The script style is, as it should be, very bare bones but Calin weaves in Phyre’s (uncensored) thoughts within the stage direction but manages to keep them simple, succinct and straightforward. The pacing is quick but the moments remain, bleeding into scene after scene. The format is a challenging experiment, but Calin’s writing is genuine and impactful nevertheless. I probably could have highlighted the entire book.

As a theater fan, I love how Calin incorporated parts of a school play that, in ways, paralleled the moments between Phyre and You. I admired Phyre’s passion and dedication to her craft, and so many of the creative elements incorporated into the production. It might be hard to believe that so much emotion could be alive and kicking in a book that isn’t overflowing with monologues or description but it is so there. So many times I had to close the book because the feelings were overwhelming and oh-so familiar.

Between You & Me has easily become one of my top reads of 2012, whether we are talking strictly about 2012 releases or of all the books I’ve read so far. It’s challenging, it’s thought provoking, and an innovative way of looking at relationships and preconceived notions of love and happiness. It just is.

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13 thoughts on “Estelle: Between You & Me by Marisa Calin

  1. Annette says:

    This sounds really interesting. Great review. I know what you mean about the mind playing tricks. Recently I read a book and when it began I thought one of the characters was female (can’t remember the name, but you couldn’t tell from it.) After a while, I realized she was a “he” and for the rest of the book I had trouble making that switch in my brain! I hate when that happens!

  2. Ginger @ GReads! says:

    Wow, what an amazing review Estelle. I know how much you enjoyed this book. I think, when done well, keeping the gender of a specific character secret can be very intriguing. However, it would also drive me insane because I feel the need to visualize my characters as I read them, haha. I have never read a book written as a screen play. After your rave reviews, this one has definitely been added to my TBR list.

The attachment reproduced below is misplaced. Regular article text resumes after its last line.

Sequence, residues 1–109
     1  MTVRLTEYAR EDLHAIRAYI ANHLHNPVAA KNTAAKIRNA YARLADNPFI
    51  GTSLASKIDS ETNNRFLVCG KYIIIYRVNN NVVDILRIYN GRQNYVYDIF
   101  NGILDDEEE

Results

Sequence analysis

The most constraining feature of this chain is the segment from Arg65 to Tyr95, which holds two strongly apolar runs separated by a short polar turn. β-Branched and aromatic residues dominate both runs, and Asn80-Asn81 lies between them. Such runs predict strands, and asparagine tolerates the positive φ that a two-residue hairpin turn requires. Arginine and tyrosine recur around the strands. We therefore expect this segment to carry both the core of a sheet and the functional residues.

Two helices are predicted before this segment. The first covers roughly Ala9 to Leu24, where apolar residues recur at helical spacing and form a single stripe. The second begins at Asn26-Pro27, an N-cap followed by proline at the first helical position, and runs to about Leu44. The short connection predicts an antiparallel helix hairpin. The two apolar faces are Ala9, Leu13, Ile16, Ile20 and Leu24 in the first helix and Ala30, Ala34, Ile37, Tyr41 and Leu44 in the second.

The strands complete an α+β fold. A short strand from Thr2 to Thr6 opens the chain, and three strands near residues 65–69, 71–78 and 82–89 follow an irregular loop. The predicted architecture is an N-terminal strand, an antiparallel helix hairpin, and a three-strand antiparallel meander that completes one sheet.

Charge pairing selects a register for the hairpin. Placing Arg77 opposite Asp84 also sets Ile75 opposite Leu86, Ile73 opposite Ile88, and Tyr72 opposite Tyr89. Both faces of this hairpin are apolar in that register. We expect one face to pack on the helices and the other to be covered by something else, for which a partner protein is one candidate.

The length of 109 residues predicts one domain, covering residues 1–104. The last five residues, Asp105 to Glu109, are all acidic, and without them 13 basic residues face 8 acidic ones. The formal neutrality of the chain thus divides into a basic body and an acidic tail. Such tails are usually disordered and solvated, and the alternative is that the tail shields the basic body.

3. VeganYANerds says:

    This is such a fantastic review of what sounds like an amazing book! I really like that it’s written as a screen play and it’s so intriguing that we don’t know who You really is. And I’m impressed that you went back and re-read, another sign that this is a really, really good book!

    Also, you’re so right about the assumptions we make about people based on their clothing/mannerisms. I really can’t wait to read this, Estelle!

  4. Lori says:

    I haven’t heard much about this book, but wow! It’s sounds really great. I love when an author takes a chance with a unique writing style. I’m anxious to learn more about You and see what I think. Great review!

  5. Jen R says:

    I was really hesitant about this one because of the screenplay style. That kind of stuff tends to distract me and therefore drive me nuts. I didn’t know that the book also plays with the reader’s assumptions about gender, etc. That’s interesting! Now that I’ve read your review, I’ll definitely try this one out.

  6. The Bumble Girl says:

    Great review! I haven’t heard of this book yet, and it seems quite unique and interesting! It’s been a really long time since I’ve read a screenplay, or anything close to one. I’ll definitely add this to my list too! Thanks 🙂

  7. Asheley (@BookwormAsheley) says:

    WOW. What a review. I have to admit that I wasn’t very interested in this one at all because I didn’t like the cover. But you make a really great case for a book that sounds so different and thought-provoking. PLUS I can tell how much you really enjoyed it, and that is such a huge thing for me when I decide what to read too – how much other people REALLY got from a book. Excellent, good, fantastic review. Brilliant. Thanks for sharing your thoughts!